The Beacon

Culture exposure in contempory American society

Zarqua Ansari, Opinion Writer

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Graphic by Savannah Pinnock

I’m not the average American girl. I’m not even American-born for starters. I was exposed to American and Indian lifestyles growing up and I know the cultures of both societies.

This has enabled me to be more open-minded and considerate to others.

America is called a melting pot, yet most people in America are not exposed to as many cultures as you would expect. Learning about other cultures is a very important feature in many different areas of one’s life.

For example, I was raised as an Indian-American child, as in my parents raised me as Indian, but I had the life outside of home to become American. I am capable of fluently speaking and understanding four languages.

My cognitive development was accelerated due to having a grasp on more languages. There was a study that found that people that can speak multiple languages are better at mathematics than those who speak a single language.

Learning about other cultures is not only useful, but also fun. Being exposed to the Indian lifestyle, I have eaten some of the most amazing foods, seen some of the most festive and colorful ceremonies and I’ve been exposed to some quality movies, television and music.

I have taken part in different celebrations such as the extravagant weddings India is known for and I have a deep appreciation of India’s society as a whole.

A better understanding and more open perspective can be applied to your personal life if you know about other cultures. I have lived whole summers in India and as much as I loved it, it made me appreciate many things about my own life.

Free public education, sanitary products, clothing and even electricity and plumbing are often taken for granted in first world countries. However, in India, I have had to tough out some pretty harsh conditions regarding those very things.

Cultural exposure has helped develop me into a well-rounded person. I am more open to trying new things than most other people. I find that when presented with an presumably odd fact about a culture I often think first what they might think of us.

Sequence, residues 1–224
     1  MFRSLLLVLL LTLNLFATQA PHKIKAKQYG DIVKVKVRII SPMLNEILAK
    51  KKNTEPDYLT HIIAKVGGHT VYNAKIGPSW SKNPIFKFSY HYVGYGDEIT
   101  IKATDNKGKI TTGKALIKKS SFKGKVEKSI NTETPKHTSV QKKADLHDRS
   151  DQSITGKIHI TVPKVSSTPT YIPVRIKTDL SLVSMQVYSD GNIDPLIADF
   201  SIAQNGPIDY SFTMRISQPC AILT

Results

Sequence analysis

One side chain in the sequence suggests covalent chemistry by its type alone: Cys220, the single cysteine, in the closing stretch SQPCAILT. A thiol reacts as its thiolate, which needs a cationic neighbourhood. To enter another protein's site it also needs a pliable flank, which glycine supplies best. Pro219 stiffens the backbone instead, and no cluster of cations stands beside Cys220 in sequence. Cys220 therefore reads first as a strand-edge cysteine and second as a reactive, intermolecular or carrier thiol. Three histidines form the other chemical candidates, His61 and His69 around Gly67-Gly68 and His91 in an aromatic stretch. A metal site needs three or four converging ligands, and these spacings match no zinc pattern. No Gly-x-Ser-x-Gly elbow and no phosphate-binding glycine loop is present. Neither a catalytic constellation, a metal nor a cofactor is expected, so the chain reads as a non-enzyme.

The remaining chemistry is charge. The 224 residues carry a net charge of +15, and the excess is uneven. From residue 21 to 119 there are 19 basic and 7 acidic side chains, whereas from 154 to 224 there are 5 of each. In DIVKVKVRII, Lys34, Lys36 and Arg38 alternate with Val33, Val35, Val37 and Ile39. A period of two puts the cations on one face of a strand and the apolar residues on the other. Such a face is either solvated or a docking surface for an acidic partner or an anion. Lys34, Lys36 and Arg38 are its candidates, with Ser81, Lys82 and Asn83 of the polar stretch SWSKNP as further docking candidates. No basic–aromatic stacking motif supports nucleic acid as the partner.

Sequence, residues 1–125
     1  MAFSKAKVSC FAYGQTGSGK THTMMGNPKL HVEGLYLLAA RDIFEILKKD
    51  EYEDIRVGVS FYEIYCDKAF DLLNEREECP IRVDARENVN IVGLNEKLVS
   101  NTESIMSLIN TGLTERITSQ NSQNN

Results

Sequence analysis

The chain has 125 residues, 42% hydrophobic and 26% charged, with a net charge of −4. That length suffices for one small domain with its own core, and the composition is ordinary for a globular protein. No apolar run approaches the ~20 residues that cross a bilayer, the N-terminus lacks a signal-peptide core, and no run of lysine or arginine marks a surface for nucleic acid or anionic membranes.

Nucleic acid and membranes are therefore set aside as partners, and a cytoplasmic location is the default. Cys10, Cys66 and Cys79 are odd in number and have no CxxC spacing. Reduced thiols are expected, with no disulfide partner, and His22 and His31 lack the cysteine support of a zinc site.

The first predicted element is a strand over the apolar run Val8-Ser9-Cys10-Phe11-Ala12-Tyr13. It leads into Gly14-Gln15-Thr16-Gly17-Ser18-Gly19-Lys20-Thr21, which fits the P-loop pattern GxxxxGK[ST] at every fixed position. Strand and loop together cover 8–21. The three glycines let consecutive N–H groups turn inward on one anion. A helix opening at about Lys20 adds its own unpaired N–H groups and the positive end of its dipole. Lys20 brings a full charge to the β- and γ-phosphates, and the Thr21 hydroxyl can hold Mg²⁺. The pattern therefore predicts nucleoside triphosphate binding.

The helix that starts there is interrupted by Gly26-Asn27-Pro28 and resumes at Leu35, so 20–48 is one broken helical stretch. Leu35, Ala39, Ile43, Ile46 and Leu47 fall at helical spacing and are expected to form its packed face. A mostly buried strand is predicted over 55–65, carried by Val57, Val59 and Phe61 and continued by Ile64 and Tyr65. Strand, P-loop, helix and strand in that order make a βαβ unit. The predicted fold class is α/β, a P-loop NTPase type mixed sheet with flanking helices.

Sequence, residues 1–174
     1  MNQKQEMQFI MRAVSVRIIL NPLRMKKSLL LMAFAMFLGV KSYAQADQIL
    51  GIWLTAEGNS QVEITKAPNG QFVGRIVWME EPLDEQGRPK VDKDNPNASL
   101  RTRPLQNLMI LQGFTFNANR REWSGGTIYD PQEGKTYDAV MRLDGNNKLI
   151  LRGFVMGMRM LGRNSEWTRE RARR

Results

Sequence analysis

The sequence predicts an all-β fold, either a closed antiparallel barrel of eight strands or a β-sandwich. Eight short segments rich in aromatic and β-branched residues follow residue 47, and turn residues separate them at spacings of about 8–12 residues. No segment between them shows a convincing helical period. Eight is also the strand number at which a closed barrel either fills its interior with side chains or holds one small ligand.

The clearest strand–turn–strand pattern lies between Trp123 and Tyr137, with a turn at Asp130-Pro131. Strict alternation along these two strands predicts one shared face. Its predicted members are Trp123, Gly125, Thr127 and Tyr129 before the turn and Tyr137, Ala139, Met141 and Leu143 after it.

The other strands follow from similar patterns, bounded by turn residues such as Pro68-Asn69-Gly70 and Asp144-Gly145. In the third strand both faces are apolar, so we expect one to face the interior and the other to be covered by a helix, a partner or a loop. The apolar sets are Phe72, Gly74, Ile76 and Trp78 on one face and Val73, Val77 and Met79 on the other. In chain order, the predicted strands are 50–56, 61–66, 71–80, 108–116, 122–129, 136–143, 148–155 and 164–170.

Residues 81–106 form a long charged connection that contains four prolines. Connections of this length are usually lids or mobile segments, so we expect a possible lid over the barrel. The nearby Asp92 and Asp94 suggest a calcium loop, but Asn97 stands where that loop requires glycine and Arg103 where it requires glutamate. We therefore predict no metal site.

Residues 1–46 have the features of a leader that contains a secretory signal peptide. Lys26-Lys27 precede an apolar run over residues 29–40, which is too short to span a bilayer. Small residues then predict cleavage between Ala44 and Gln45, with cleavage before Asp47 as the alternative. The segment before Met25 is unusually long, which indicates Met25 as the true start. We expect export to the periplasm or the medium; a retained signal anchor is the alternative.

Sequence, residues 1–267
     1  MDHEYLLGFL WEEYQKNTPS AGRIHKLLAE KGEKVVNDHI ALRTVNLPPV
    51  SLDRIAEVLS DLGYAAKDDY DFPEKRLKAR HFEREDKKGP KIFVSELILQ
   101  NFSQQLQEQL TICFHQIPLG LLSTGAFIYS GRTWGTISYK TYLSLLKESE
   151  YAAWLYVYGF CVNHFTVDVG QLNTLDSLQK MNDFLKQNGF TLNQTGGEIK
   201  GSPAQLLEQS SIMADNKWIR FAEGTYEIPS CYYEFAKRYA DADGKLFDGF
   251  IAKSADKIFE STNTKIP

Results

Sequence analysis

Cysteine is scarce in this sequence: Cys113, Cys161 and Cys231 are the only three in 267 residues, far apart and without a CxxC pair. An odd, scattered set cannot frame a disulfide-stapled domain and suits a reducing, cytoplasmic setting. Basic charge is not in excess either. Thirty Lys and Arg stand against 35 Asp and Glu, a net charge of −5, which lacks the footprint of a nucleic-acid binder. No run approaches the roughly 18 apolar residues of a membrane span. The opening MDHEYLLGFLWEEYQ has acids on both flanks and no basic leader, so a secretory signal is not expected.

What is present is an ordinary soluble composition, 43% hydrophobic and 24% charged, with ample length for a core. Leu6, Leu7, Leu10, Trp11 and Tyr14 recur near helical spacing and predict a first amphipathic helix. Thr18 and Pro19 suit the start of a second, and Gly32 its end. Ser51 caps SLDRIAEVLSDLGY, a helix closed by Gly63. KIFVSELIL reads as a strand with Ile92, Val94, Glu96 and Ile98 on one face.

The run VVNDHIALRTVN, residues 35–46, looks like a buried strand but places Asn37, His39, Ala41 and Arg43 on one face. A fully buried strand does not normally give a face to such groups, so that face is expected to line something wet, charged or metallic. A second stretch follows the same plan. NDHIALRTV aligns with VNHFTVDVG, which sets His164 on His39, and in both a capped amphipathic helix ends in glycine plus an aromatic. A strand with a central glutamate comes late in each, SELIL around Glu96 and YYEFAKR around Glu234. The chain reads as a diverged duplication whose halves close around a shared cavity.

I am less judgmental because I know how different people can be. In addition, I can avoid being ignorant and offensive because I have a decent amount of background knowledge on the culture already.

Embarrassment and discomfort can easily be avoided with some knowledge of other cultures. For example, knowing that Indian people prefer closer proximity than Americans in conversation allows for you not to feel as uncomfortable if you are in conversation with someone from India.

Knowing that a thumbs up is a form of teasing in India, you know not to accidentally offend someone when you set foot in India.

The most important reason to learn about other cultures is to combat stereotypes. Stereotypes help no one. People get insulted, assumptions are made  and it is all around awkward. I have been asked some very odd questions in my life.

People ask me if I shower with my hijab on of course not, it’s an article of clothing, or where my red dot is-I’m Muslim not Hindu, or if I’m really good at math. I am but it’s not because I’m Asian.

Stereotypes often mislead people. I have been told by many people that I’m more funny, outgoing, open, free and fun than they expected me to be. This is because they filled in my character using stereotypes without getting to know me first.

To summarize, learning about other cultures is crucial. Cultural exposure enables you to have an open mind, make new friends and try new things.

You become a well-rounded and open-minded person and your curiosity can be fueled. Awkward situations can be avoided and you might even make someone feel welcome.

Learning about other cultures is important and with today’s technology is easier than ever before.

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Culture exposure in contempory American society